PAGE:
tisdag 10 april 2012

DATETIME DEFAULT NOW() finally available.

Having been rather desired for a while now, this feature is finally available as of MySQL Server version 5.6.5. It started out as the innocuous bug #27645 back in 2007, not really commanding much attention from anyone. But since, the page has seen around a hundred posts from users. This is a lot of posts for a bug page.

When I got to work on this, I started out looking at how functions in the default clause worked for the one supported case, CURRENT_TIMESTAMP (a.k.a. NOW() in MySQL) for TIMESTAMP columns. It turned out to be a little more complex than it had to, the TIMESTAMP type has a lot of special rules attached to it that no other types have, not even DATETIME.

One thing that struck me as a little odd was that you can only have one column with a function in the default or on update clause. So I had to take the decision how to deal with that restriction as we introduced DATETIME DEFAULT CURRENT_TIMESTAMP. Should we forbid having a TIMESTAMP DEFAULT CURRENT TIMESTAMP if there was a DATETIME DEFAULT CURRENT_TIMESTAMP? No matter how I looked at it, there would have to be a bunch of new convoluted special rules added that I couldn't motivate to myself. Moreover, a lot of users seemed to request having one DATETIME column with "default now" and another one "on update now", so they could track both creation and last update time to a row. The request was not lost on me: I decided to lift the one-column-with-NOW() restriction altogether. It made documentation simpler and avoided having rules applying only TIMESTAMP spill over on DATETIME. As expected, there was no technical reason for forbidding it, and the code involved needed an overhaul anyways.

The rules

I will not attempt to describe the various TIMESTAMP rules here, the manual does a great job at it already. Instead I will present the new set of rules for how DATETIME DEFAULT / ON UPDATE CURRENT_TIMESTAMP works.
  1. Trying to store a null value in a DATETIME NOT NULL column will always yield an error.
  2. A DATETIME column accepting nulls has NULL as default value unless specified.
  3. There are no implicit defaults for DATETIME columns except the one above.
  4. A DATETIME DEFAULT CURRENT_TIMESTAMP column will store CURRENT_TIMESTAMP if and only if an insert statement does not list the column or store a full row.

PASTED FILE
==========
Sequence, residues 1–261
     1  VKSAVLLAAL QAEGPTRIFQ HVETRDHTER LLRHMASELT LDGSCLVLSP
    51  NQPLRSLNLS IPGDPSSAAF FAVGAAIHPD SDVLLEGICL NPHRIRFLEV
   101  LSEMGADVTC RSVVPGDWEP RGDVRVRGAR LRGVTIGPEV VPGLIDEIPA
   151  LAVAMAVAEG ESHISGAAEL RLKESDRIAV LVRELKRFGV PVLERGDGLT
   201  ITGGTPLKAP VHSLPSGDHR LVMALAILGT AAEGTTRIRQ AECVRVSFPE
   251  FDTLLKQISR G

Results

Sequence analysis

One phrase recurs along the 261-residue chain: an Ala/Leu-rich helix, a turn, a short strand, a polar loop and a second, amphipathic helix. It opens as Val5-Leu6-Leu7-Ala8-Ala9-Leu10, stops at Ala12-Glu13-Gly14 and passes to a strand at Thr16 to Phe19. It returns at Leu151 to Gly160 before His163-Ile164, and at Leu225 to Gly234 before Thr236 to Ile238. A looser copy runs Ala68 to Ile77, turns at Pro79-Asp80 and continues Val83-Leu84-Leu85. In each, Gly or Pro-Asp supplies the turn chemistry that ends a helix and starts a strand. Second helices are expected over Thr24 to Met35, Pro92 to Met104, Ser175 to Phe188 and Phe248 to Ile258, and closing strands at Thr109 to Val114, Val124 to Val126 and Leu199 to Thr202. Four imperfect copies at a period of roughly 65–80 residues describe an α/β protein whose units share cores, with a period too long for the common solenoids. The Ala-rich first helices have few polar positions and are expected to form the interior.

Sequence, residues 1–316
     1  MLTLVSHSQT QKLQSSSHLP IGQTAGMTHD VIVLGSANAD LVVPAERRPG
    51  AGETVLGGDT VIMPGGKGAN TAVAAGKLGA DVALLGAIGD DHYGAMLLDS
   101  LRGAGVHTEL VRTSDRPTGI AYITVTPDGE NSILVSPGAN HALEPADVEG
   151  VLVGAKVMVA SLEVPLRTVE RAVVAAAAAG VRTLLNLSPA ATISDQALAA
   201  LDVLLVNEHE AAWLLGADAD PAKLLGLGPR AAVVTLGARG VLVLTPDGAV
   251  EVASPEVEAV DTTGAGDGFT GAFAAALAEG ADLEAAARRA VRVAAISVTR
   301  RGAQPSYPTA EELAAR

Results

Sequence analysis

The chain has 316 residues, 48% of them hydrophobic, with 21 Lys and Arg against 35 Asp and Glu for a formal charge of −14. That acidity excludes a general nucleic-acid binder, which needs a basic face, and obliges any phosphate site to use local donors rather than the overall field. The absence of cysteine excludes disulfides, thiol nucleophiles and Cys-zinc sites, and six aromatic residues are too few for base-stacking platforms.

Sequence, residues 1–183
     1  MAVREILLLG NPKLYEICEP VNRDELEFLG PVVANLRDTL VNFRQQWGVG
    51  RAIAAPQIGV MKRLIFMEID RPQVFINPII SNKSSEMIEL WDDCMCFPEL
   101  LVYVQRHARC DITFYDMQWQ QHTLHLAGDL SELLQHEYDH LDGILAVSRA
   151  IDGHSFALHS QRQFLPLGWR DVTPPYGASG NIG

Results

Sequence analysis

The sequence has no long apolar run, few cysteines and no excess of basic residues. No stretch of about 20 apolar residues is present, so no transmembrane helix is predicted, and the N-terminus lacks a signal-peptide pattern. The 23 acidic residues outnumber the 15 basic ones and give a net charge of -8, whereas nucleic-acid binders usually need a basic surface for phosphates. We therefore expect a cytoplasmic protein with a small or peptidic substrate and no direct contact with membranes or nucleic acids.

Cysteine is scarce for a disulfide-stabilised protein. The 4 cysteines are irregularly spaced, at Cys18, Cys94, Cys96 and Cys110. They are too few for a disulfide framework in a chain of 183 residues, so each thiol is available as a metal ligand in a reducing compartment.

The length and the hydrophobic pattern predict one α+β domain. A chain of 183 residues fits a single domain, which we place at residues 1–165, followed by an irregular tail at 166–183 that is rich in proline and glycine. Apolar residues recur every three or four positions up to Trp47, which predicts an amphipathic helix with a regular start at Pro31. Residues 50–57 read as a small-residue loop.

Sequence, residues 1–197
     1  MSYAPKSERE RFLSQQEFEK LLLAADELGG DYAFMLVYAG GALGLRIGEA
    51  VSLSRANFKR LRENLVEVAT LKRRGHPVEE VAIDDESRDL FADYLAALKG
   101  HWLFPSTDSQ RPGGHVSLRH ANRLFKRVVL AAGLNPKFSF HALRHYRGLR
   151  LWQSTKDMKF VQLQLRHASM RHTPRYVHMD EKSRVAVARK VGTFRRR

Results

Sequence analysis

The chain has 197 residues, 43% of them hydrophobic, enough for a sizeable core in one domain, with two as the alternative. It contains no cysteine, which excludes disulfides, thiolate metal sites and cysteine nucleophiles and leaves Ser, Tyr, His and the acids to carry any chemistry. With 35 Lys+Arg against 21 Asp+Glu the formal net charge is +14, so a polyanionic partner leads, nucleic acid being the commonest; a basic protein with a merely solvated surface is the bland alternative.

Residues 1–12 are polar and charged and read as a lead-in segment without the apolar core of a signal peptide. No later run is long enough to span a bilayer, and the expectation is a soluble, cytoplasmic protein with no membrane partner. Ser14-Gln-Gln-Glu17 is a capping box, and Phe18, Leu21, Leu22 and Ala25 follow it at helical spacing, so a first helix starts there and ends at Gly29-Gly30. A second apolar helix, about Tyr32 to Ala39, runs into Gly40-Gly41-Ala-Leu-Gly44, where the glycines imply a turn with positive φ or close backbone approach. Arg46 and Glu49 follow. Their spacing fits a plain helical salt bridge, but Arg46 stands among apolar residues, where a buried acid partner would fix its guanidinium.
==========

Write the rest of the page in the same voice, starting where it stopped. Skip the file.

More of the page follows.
5. A DATETIME ON UPDATE CURRENT_TIMESTAMP column will store CURRENT_TIMESTAMP if the row is updated and the new row is different from the previous row.
These rules sure look simple enough, don't they? Well, of course there are some more ins and outs to it if you look close enough. Hopefully you should not have to memorize all of these scenarios but it would be unfair of me not to at least mention them.

In rule #4, "an insert statement" includes, of course INSERT, LOAD and REPLACE statements. LOAD statements will store "0000-00-00 00:00:00" (a.k.a. the 'zero date') in a DATETIME column if the file contains a null at the column's position. Under strict sql_mode, the entire statement will fail. TIMESTAMP columns still store CURRENT_TIMESTAMP in this case, regardless of default.

In rule #5, the statements that can update a row are UPDATE and INSERT ... ON DUPLICATE KEY UPDATE ... when there is a duplicate primary key.

Lifting the one-column-with-function-default restriction also has some side-effects when you add or move columns.

  • As before, the first column in a table that is declared simply "TIMESTAMP" will implicitly be promoted to TIMESTAMP DEFAULT CURRENT_TIMESTAMP ON UPDATE CURRENT_TIMESTAMP. If you add another column that is "TIMESTAMP" before it, they will both be as that long line I just wrote. Previously, you would get an error in this case.
  • Oh, yeah, error number 1293, a.k.a. ER_TOO_MUCH_AUTO_TIMESTAMP_COLS [sic], can't happen anymore. There's no limit to how many columns with CURRENT_TIMESTAMP you can have. Knock yourself out.

When is NOW()?

In MySQL, CURRENT_TIMESTAMP is defined as the query start time, the time when the query arrives at the server. This means that the value is constant during the execution of the query. So don't be surprised if you update a million rows of type DATETIME(6) ON UPDATE NOW(6) - microsecond precision - and they all get the same update time.